In the first article, entitled "Multi-Generational Churches or Seniors' Centres?" Peat expresses concern about the departure of the youth and the young adults from the church. In part of his editorial, Peat also points out what he feels is the problem with the church that is contributing to this:
We [SDAs] have sought to remain unchanged in a world that is constantly changing. We look to the past as if they were the glorious days, failing to recognise the struggles that our pioneers and those after them had to go through...we have stubbornly, and maybe even arrogantly, considered that our pioneers resolved every issue and question, so we default to regurgitating their answers. There seems to be a reticence to examine our beliefs and practices in light of twenty-first century North America. Meanwhile, our youths and young adults are scrutinizing what they see and hear in the church. Some will pick and choose what makes sense to them, ignoring what does not, but remain in the church. Others, what seems to be the majority, simply leave, discarding everything. (p. 2)I believe Peat has hit the nail on the head. As a young adult myself, I have chosen to remain in the church community despite objecting to the way church is done. I see them putting out evangelistic meetings that have no relevance to my peers and the questions that my peers ask. Time and time in this blog, I have had to highlight some of these problems which are not just specific to the SDA church, but to Christian denominations that I am aware of. I feel that most Christian churches today are out of touch with the young adults and the youth and the spiritual challenges to faith in a secular world and a world increasingly hostile to Christian culture.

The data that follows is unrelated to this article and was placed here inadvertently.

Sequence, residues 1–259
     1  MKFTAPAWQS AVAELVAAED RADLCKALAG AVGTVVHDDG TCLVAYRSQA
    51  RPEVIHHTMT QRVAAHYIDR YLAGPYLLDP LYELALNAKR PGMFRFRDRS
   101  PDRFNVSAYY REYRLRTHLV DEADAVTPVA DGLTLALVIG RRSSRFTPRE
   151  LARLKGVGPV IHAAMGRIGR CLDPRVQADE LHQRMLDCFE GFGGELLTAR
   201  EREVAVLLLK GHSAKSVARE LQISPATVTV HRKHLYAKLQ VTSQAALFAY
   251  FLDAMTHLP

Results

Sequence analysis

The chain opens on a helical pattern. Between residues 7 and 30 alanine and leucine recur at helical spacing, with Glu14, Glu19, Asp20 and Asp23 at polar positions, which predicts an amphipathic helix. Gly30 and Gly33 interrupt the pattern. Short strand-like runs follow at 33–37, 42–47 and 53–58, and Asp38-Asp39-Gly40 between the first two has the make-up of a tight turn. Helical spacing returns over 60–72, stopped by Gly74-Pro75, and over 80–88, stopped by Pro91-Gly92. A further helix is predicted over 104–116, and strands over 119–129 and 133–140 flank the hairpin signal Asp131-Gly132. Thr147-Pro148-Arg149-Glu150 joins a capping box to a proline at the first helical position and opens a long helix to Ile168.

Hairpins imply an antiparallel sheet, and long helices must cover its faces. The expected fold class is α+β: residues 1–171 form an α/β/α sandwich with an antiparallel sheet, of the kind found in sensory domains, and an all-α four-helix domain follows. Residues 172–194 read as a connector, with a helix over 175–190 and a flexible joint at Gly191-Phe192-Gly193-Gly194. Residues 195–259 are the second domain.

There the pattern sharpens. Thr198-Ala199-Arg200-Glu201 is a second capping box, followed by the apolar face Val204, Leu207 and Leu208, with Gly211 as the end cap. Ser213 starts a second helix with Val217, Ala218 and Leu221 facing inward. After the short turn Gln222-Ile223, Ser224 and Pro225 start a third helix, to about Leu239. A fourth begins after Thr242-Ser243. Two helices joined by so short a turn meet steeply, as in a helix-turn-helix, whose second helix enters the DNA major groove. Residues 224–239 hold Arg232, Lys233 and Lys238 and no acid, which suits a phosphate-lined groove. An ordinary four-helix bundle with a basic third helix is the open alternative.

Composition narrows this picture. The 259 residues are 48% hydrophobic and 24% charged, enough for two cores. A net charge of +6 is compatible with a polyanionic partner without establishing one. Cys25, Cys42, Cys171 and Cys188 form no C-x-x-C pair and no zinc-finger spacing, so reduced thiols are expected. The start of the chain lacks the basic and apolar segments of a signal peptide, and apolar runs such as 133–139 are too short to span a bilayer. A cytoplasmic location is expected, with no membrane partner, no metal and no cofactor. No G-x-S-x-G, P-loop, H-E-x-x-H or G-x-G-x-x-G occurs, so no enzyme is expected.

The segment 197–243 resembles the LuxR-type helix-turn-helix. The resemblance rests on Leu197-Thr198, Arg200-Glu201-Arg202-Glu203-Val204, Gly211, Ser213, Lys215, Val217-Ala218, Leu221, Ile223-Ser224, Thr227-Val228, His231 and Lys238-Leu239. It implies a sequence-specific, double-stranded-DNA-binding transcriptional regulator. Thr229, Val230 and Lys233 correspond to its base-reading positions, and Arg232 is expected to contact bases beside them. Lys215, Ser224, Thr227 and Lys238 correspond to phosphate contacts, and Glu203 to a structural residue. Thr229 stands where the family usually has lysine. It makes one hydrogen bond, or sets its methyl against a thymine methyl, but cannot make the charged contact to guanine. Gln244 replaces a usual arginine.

Peat goes on in another brilliant article to address young adults like me about why stay in the SDA church and how to go about reforming it. In his article, "For Young Adults Only", Peat begins with a lengthy introduction that indicates that he is in touch with the young adults in the church:
I f you are a young adult reading this, you’re doing so because you are still attending the church in which you were most probably raised. I’m glad that you are still there because you know of friends who no longer attend. For one reason or another, they ceased attending church, but you remained.
I’m glad you remained, but will you stay? I sincerely hope so. I hope that you have recognised the truth that even though your church is imperfect, God still works through it for the good of His people. Yes, on occasion, it is even frustrating in how it addresses your concerns, and how it relates to contemporary society, but it is still a place where there is potential for you to grow, flourish and be happy to call home.
Part of the frustration, I know, is with the word potential. Everything always seem to be in the future. Meanwhile, you feel side-lined, unimportant, unappreciated, and undervalued. Like your teen brothers and sisters, it can sometimes seem as if you are only appreciated when you fit the cultural stereotype of an Adventist in appearance, accepted behaviour pattern, and you use the clichés and jargon of Adventism.
Over the years, while conversing with young adults, I arrived at a conclusion, shared by many of my generation, that you love the Lord. I learned that you are in this church because you believe, and you want to participate in its mission. You seek spirituality, but you do not necessarily believe that spirituality is determined by traditional views and practices. You want your church to be relevant to your community. You want it to be such a welcoming and relevant place that you will gladly invite your friends to attend with you. However, you’re often reluctant to invite them because of how embarrassed you’d feel by what sometimes happens on a Sabbath morning. So, you wait for change.